Members of the Education Committee, Co-Chairs Rep. Fleischmann, Sen. Slossberg, Sen. Boucher and Ranking Member Rep. Lavielle, thank you for the opportunity to speak with you today. My name is Jennifer Alexander, I am the CEO of ConnCAN, a statewide non-profit organization that has spent the last decade fighting to ensure that all kids in Connecticut have access to a great public education.
I’m here to testify about three bills, House Bill 7035: An Act Implementing the Governor’s Budget Recommendations Concerning Education, Senate Bill No. 2: An Act Concerning the Development of A More Equitable Education Cost-Sharing Grant Formula, and Senate Bill 910: An Act Implementing the Recommendations of the Department of Education.
First, I want to address House Bill 7035: An Act Implementing the Governor’s Budget Recommendations Concerning Education. As we all know, the Education Cost Sharing Formula (ECS) is no longer being followed and no longer works for our towns, schools and kids. Our school funding system is illogical, unsustainable and unfair. Without a consistent and fair funding formula–without a real formula at all–we fund students at least 10 different ways that are disconnected from students’ learning needs. The end result of this tangled web is a systematic disadvantaging of students and communities with the greatest need. We appreciate the governor’s willingness to take the necessary and long-overdue steps to fix our broken school funding system and act on this important issue now, rather than wait for the courts to decide the matter. However, Governor Malloy’s budget does not include schools of choice. By leaving out public charter schools, the governor’s budget, continues to treat public schools students differently based on the the types of school they choose to attend and not their learning needs. Excluding public charter schools will perpetuate our current tangled web of funding and leaves Connecticut out of sync with other states. Public charter schools in Connecticut are showing success in helping students in our highest-need communities to meet and exceed standards year after year, helping to close the State’s achievement gaps and preparing students to succeed well after high school. Yet public charter schools face severe constraints—including insufficient and uncertain funding—that prevent them from serving even more of Connecticut’s students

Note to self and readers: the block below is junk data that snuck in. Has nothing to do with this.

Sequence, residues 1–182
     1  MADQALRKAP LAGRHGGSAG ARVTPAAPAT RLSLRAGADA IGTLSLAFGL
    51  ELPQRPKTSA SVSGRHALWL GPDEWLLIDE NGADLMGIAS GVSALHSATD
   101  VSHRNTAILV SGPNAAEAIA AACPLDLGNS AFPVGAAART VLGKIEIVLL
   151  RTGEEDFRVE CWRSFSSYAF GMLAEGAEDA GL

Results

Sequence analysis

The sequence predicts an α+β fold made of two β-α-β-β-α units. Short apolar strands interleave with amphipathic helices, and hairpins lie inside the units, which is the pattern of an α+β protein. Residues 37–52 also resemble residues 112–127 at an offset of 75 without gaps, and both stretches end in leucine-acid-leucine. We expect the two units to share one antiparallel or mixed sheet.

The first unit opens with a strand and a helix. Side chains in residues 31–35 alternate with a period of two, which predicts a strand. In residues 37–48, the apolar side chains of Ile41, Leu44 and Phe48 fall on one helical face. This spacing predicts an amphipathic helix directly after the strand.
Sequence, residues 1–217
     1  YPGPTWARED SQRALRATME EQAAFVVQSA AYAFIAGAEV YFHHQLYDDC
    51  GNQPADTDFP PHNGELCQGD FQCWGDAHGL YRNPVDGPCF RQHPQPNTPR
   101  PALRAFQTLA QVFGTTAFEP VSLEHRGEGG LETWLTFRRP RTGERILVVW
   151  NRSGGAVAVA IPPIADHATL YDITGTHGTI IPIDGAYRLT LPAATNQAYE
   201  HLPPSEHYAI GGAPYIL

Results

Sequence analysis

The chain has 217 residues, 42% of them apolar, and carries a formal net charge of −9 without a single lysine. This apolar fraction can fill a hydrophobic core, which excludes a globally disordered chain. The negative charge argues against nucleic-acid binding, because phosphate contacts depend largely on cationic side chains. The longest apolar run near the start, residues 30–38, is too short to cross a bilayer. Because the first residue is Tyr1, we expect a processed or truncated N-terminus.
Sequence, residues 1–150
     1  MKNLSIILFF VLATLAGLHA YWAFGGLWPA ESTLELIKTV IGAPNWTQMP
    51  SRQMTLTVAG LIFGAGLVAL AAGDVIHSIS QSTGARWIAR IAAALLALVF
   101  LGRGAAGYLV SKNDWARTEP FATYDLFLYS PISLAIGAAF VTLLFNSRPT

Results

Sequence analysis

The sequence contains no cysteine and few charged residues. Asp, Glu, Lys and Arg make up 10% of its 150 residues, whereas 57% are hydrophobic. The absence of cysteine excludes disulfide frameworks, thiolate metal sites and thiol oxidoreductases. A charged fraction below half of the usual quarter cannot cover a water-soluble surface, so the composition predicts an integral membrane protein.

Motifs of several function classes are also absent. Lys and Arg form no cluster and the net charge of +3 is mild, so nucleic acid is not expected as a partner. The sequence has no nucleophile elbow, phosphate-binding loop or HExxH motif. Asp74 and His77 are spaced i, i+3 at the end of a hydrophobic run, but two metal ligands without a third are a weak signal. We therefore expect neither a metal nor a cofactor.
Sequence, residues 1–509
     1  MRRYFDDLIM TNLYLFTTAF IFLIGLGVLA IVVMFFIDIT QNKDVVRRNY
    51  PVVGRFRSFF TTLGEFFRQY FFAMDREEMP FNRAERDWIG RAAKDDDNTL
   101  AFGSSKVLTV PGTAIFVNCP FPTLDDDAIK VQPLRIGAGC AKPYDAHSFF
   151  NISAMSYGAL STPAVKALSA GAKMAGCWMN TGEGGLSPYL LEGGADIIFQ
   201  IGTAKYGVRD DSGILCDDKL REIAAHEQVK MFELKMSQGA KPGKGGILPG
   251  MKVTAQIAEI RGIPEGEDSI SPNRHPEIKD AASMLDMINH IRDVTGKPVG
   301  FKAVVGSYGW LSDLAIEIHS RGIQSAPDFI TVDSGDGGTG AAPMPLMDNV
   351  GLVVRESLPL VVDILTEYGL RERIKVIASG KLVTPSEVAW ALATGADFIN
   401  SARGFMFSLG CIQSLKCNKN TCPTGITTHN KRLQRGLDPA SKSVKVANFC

Second, I want to address Senate Bill 2: An Act Concerning the Development of A More Equitable Education Cost-Sharing Grant Formula. We applaud Senator Duff for proposing this bill and look forward to seeing its content. It is encouraging to see our state leaders stepping forward to take much needed first steps towards a fair, equitable and predictable funding formula that can help provide students with the quality education they need and deserve.
Since no details are yet available on Senate Bill 2, we don’t know whether it will provide the comprehensive fix needed to set every student up for success. We hope that it will be the solution our state needs to address the inequities cited in Judge Moukawsher’s CCJEF ruling this fall. In the Judge’s words, “schools are for kids,”and we hope that Senate Bill 2 will offer a student-centered approach to a new formula that fairly funds students, based on their learning needs, across all our public schools, including our public charter schools.
If we look at Connecticut’s history we know that the opportunity to enact a new education funding formula only happens once every 25 years. Now is the time to get this right in order to set our state and our students up for success for the next quarter-century. That means a single funding formula, based on student learning needs, that is applied consistently across all types of schools. We urge you to ensure that any school funding formula moves us towards: equity, innovation, coherence, transparency, accountability and fairness for all students, across all our public schools. Our state needs a formula that puts students at the center to give every child an opportunity to receive the quality education they need and deserve.
Finally, I want to address Senate Bill 910: An Act Implementing the Recommendations of the Department of Education. Specifically, sections 8 and 9 of this bill. Every student deserves an effective teacher, but, for too long, our state’s educator licensure and certification policies have prevented talented and experienced teachers and leaders from working in our state. Members of this committee have taken important steps to improve our state’s teacher licensure and certification policies in recent years, and we encourage you to keep going to ensure that all public schools have great teacher and leaders. That’s why we support this proposed language, which would ensure that educator candidates with sufficient or equivalent degrees will be able to teach in our state. For example, someone with a PhD in a relevant field could not be denied certification. Our state struggles to fill a number of teacher and school leader vacancies in a number of shortage areas, including math, science, special education and bilingual education. Eliminating bureaucratic barriers will help to make Connecticut schools and districts competitive in hiring qualified teachers and leaders and bringing talented educators to our state.